This week we sat down with Morgan Harris and Daniel Shea who own Meatball U located at 30 South High Street.
Tell me about your store and any particular things you believe make it unique.
We always wanted to open a business. We were on a trip to California when we seriously thought about opening some type of restaurant. Initially, we thought about doing something along the lines of In and Out Burger or pizza, but the industry is overpopulated with things like that. There are more than 20 pizza places in West Chester alone. After some research, we thought about doing sandwiches, and then we kept elaborating on that idea. Finally, we came to the conclusion of meatballs as our main item, but seven different kinds. Our recipes are Dan’s family recipes that have been passed down, and I think that is also very unique.
How long have you been in business?
For 2 years, however, we were only open for a few months before having to shut down completely for 3 months due to COVID. There have been a few phases to our opening because of the restrictions. First, most of our customers were local workers who passed by on their way to work. Then, we partner with schools for dine and donates as well as expanding to families. We are just now entering a new circle with students being back on campus, and we are excited to see who the next circle will be. “It’s like the world’s longest grand opening.”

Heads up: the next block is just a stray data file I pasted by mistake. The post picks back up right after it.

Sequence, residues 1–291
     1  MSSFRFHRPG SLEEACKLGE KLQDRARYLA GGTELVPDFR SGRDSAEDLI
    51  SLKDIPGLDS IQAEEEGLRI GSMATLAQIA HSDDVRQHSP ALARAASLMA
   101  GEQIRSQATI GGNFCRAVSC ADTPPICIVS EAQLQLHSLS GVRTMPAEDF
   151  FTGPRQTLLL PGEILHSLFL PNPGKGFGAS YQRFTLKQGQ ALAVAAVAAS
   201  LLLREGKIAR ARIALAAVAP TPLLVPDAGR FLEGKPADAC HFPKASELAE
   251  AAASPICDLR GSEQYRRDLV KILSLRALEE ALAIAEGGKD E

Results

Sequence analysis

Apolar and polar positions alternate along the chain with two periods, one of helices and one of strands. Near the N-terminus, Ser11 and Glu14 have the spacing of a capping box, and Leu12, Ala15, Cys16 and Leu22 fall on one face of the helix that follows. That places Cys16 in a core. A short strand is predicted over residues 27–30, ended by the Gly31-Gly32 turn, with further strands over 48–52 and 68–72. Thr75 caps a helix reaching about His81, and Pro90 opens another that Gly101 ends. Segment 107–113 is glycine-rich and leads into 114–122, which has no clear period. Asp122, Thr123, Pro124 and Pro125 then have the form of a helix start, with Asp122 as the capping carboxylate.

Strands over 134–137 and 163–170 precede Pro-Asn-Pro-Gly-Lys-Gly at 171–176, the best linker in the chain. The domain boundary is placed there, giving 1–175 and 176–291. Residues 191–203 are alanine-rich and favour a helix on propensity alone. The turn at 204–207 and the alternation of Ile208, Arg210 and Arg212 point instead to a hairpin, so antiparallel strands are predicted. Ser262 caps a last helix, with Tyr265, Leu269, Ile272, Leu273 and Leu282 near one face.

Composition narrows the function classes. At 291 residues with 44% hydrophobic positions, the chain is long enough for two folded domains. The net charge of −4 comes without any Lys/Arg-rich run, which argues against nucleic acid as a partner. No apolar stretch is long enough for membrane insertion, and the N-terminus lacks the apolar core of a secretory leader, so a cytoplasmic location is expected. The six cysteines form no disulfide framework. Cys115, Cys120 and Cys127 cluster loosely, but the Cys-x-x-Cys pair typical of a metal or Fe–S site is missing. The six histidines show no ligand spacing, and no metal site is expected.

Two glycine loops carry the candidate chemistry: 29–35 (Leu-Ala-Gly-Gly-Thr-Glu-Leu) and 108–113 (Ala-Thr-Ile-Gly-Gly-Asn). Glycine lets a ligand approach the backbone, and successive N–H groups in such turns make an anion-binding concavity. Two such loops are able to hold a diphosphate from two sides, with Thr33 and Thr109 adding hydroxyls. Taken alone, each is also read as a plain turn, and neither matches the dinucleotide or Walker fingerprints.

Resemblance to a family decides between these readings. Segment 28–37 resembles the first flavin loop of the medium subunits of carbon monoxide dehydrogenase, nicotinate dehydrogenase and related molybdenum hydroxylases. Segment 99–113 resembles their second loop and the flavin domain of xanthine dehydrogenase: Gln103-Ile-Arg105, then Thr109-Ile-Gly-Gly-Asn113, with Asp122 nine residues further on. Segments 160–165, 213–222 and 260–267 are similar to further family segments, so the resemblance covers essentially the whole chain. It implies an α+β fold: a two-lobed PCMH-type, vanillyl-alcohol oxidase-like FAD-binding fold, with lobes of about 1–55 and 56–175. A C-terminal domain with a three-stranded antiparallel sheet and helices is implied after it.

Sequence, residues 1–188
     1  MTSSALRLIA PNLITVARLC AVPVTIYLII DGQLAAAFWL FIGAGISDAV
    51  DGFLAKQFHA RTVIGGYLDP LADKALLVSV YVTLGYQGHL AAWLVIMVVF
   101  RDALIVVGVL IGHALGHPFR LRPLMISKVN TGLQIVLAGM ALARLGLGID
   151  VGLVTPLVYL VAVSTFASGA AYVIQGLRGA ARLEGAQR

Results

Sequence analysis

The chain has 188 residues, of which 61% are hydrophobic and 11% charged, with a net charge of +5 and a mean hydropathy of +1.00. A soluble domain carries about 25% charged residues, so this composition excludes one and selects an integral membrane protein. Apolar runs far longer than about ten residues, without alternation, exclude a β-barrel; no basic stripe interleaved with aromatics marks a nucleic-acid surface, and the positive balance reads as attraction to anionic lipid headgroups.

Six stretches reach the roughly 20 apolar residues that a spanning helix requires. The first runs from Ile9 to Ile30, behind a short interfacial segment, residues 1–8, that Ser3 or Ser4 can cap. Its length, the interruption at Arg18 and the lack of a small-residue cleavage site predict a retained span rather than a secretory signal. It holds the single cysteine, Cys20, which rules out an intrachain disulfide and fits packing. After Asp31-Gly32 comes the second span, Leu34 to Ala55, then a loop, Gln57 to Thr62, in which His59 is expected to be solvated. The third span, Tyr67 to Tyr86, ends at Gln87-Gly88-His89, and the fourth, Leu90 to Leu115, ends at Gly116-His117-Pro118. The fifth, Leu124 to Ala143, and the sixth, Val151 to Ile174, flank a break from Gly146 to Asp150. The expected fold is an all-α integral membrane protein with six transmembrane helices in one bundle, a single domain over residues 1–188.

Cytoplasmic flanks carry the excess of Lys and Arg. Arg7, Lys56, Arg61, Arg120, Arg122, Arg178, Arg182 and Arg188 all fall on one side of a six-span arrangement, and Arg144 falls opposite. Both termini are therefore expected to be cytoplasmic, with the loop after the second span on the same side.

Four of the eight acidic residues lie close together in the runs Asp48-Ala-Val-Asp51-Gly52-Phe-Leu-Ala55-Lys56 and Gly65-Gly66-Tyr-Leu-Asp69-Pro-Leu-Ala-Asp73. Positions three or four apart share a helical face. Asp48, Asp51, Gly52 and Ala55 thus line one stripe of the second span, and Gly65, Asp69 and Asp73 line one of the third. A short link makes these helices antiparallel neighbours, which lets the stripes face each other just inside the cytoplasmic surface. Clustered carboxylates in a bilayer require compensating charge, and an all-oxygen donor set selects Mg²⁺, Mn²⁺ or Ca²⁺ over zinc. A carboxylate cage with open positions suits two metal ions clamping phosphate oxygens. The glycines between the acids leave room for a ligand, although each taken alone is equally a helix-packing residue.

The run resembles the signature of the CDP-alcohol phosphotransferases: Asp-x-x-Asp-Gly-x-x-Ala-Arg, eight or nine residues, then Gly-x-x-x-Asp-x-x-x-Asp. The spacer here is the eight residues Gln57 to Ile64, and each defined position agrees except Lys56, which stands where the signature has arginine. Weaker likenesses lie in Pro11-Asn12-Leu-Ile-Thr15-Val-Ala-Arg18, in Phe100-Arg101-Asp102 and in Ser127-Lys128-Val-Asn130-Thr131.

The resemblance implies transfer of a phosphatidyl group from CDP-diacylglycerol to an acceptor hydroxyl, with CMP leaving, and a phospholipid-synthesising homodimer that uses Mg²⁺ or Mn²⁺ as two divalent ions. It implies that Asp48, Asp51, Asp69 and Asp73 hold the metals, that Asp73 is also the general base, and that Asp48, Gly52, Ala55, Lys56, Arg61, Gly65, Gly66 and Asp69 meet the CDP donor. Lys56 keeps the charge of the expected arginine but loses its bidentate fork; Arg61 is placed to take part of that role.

What are your company’s goals?
First, we are trying to prove that our restaurant is a winner on paper. From there, we ultimately want to franchise, and have a Meatball U in every college town.
Do you have any promotions/ events you would like me to share?
Coming up, around Thanksgiving, we will have our annual meatball eating competition for our third birthday. We also have sponsored some of the West Chester sports teams in bingo, and are hoping to better our connections with the school’s organizations to support the students.
Is there anything else you would like to share about your store?
I would like to extend a sincere thank you to the families that kept the shop going while the students weren’t here.